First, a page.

European Paediatric Surgeons' Association Survey on the Management of Pediatric Appendicitis

Augusto Zani, Nigel J Hall, Abidur Rahman, Francesco Morini, Alessio Pini Prato, Florian Friedmacher, Antti Koivusalo, Ernest van Heurn, Agostino Pierro

Research output: Contribution to journalArticle

Abstract

AIM:  To define patterns in the management of pediatric appendicitis.

METHODS:  A total of 169 delegates from 42 (24 European) countries completed a validated survey administered at the EUPSA 2017 annual congress.

RESULTS:  In the work-up of children with suspected acute appendicitis, most surgeons rely on full blood count (92%), C-reactive protein (82%), and abdominal ultrasonography (76%), but rarely on computed tomography scans or magnetic resonance imaging. In suspected simple appendicitis, most surgeons (76%) do not perform appendectomy at night in clinically stable patients and start antibiotic preoperatively (64%), but only 15% offer antibiotic therapy alone (no appendectomy). In suspected perforated appendicitis, 96% start antibiotic preoperatively, and 92% perform an appendectomy. Presence of phlegmon/abscess is the main contraindication to immediate surgery. In case of appendix mass, most responders (75%) favor a conservative approach and perform interval appendectomy always (56%) or in selected cases (38%) between 2 and 6 months from the first episode (81%). Children with large intraperitoneal abscesses are managed by percutaneous drainage (59% responders) and by surgery (37% responders). Laparoscopy is the preferred surgical approach for both simple (89%) and perforated appendicitis (81%). Most surgeons send the appendix for histology (96%) and pus for microbiology, if present (78%). At the end of the operation, 58% irrigate the abdominal cavity only if contaminated using saline solution (93%). In selected cases, 52% leave a drain in situ.

CONCLUSION:  Some aspects of appendicitis management lack consensus, particularly appendix mass and intraperitoneal abscess. Evidence-based guidelines should be developed, which may help standardize care and improve clinical outcomes.

Original languageEnglish
JournalEuropean Journal of Pediatric Surgery
DOIs
Publication statusE-pub ahead of print - Aug 15 2018

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Appendicitis
Appendectomy
Pediatrics
Abscess
Anti-Bacterial Agents
Cellulitis
Suppuration
Abdominal Cavity
Microbiology
Sodium Chloride
C-Reactive Protein
Laparoscopy
Surgeons
Surveys and Questionnaires
Drainage
Ultrasonography
Histology
Tomography
Magnetic Resonance Imaging
Guidelines

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European Paediatric Surgeons' Association Survey on the Management of Pediatric Appendicitis. / Zani, Augusto; Hall, Nigel J; Rahman, Abidur; Morini, Francesco; Pini Prato, Alessio; Friedmacher, Florian; Koivusalo, Antti; van Heurn, Ernest; Pierro, Agostino.

In: European Journal of Pediatric Surgery, 15.08.2018.

Research output: Contribution to journalArticle

Zani, Augusto ; Hall, Nigel J ; Rahman, Abidur ; Morini, Francesco ; Pini Prato, Alessio ; Friedmacher, Florian ; Koivusalo, Antti ; van Heurn, Ernest ; Pierro, Agostino. / European Paediatric Surgeons' Association Survey on the Management of Pediatric Appendicitis. In: European Journal of Pediatric Surgery. 2018.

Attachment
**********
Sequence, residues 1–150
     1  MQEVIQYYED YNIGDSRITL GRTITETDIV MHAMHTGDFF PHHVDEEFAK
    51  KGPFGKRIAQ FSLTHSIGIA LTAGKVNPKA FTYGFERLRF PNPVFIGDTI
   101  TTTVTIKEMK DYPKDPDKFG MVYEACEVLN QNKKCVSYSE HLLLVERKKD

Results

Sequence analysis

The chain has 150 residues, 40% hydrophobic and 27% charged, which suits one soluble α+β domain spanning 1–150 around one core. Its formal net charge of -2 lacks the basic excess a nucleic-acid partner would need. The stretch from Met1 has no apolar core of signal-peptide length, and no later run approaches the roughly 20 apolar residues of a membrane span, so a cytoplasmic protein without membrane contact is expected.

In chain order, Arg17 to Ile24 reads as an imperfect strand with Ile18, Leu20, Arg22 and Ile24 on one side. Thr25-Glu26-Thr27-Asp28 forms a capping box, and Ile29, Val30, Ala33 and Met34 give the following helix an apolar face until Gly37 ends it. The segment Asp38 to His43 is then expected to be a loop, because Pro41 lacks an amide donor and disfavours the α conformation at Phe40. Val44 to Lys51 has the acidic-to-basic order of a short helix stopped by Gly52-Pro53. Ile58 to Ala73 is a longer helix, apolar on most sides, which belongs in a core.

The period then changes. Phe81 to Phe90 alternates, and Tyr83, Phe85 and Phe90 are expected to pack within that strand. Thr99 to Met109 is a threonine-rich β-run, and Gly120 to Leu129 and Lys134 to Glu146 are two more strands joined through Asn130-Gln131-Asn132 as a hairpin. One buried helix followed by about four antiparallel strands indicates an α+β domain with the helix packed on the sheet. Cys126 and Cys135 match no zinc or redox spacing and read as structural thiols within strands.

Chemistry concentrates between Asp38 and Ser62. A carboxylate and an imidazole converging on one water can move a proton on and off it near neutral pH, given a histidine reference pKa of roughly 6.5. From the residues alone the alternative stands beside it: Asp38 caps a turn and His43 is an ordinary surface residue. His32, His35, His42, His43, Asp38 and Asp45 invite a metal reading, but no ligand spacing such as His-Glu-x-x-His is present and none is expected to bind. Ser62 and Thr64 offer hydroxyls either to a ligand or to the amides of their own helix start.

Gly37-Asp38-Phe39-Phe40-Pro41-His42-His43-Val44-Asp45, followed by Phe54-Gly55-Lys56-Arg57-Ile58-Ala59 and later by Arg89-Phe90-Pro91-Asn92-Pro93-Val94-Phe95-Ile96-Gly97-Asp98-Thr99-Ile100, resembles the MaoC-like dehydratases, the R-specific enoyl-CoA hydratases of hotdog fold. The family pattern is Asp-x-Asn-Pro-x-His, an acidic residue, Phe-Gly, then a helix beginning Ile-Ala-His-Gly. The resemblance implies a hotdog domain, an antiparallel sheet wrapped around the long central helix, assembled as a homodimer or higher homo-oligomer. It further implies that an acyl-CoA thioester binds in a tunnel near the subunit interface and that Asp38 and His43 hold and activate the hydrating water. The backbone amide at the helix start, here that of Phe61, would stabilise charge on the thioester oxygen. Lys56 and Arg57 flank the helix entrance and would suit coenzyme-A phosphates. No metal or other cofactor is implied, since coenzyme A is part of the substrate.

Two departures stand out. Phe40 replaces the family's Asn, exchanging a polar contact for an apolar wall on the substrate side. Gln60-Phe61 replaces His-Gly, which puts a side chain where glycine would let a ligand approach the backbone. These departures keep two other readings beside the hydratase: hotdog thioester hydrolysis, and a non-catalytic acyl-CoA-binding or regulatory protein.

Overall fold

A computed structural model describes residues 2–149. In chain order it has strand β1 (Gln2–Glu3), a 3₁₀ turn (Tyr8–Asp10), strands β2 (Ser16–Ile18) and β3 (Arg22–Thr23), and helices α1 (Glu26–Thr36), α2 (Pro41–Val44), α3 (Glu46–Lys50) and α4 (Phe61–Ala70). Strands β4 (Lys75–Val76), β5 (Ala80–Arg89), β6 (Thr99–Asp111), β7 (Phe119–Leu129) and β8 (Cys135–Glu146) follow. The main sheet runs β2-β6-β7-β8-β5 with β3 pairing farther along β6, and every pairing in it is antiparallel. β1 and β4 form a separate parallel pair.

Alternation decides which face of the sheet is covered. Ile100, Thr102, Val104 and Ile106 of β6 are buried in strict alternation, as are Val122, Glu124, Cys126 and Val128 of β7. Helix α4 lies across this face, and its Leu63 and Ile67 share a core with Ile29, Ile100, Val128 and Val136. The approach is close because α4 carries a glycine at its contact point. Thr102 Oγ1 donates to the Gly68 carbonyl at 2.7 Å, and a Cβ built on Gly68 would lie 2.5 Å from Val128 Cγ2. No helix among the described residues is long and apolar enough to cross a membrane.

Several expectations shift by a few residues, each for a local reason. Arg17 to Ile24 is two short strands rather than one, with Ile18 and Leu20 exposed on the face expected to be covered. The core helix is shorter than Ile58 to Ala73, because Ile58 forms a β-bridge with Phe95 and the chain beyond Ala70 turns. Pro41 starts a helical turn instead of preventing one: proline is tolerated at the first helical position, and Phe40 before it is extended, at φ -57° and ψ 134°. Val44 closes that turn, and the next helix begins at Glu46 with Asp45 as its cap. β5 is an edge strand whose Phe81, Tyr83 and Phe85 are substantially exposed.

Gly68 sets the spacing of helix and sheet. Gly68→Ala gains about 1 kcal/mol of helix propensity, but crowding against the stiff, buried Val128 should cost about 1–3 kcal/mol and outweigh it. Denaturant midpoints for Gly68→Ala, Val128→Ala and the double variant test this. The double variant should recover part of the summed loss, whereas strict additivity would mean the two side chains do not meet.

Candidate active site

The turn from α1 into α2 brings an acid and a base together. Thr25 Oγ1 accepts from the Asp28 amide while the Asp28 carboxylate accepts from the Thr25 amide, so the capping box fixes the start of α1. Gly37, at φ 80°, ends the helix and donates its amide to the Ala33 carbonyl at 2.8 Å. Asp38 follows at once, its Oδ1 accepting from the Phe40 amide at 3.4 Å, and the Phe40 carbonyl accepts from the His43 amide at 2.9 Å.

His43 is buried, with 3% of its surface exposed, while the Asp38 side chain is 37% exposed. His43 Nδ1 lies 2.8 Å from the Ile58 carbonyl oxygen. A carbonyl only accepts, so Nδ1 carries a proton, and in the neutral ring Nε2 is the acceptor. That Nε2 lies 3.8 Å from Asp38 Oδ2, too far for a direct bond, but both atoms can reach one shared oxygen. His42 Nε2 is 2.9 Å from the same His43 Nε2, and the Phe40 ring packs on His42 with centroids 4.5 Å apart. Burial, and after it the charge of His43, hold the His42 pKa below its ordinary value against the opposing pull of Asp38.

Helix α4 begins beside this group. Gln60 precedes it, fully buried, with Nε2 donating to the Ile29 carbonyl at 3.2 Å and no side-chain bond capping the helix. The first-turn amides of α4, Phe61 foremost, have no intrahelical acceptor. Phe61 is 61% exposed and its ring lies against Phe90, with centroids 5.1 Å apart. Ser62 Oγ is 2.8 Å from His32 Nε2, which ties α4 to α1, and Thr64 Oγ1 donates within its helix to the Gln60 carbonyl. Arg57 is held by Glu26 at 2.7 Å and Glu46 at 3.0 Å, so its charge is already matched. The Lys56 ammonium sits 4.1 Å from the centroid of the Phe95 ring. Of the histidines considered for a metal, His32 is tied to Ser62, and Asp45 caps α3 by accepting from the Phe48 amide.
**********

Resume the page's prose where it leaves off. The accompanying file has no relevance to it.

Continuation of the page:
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abstract = "AIM:  To define patterns in the management of pediatric appendicitis.METHODS:  A total of 169 delegates from 42 (24 European) countries completed a validated survey administered at the EUPSA 2017 annual congress.RESULTS:  In the work-up of children with suspected acute appendicitis, most surgeons rely on full blood count (92{\%}), C-reactive protein (82{\%}), and abdominal ultrasonography (76{\%}), but rarely on computed tomography scans or magnetic resonance imaging. In suspected simple appendicitis, most surgeons (76{\%}) do not perform appendectomy at night in clinically stable patients and start antibiotic preoperatively (64{\%}), but only 15{\%} offer antibiotic therapy alone (no appendectomy). In suspected perforated appendicitis, 96{\%} start antibiotic preoperatively, and 92{\%} perform an appendectomy. Presence of phlegmon/abscess is the main contraindication to immediate surgery. In case of appendix mass, most responders (75{\%}) favor a conservative approach and perform interval appendectomy always (56{\%}) or in selected cases (38{\%}) between 2 and 6 months from the first episode (81{\%}). Children with large intraperitoneal abscesses are managed by percutaneous drainage (59{\%} responders) and by surgery (37{\%} responders). Laparoscopy is the preferred surgical approach for both simple (89{\%}) and perforated appendicitis (81{\%}). Most surgeons send the appendix for histology (96{\%}) and pus for microbiology, if present (78{\%}). At the end of the operation, 58{\%} irrigate the abdominal cavity only if contaminated using saline solution (93{\%}). In selected cases, 52{\%} leave a drain in situ.CONCLUSION:  Some aspects of appendicitis management lack consensus, particularly appendix mass and intraperitoneal abscess. Evidence-based guidelines should be developed, which may help standardize care and improve clinical outcomes.",
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AU - Zani, Augusto

AU - Hall, Nigel J

AU - Rahman, Abidur

AU - Morini, Francesco

AU - Pini Prato, Alessio

AU - Friedmacher, Florian

AU - Koivusalo, Antti

AU - van Heurn, Ernest

AU - Pierro, Agostino

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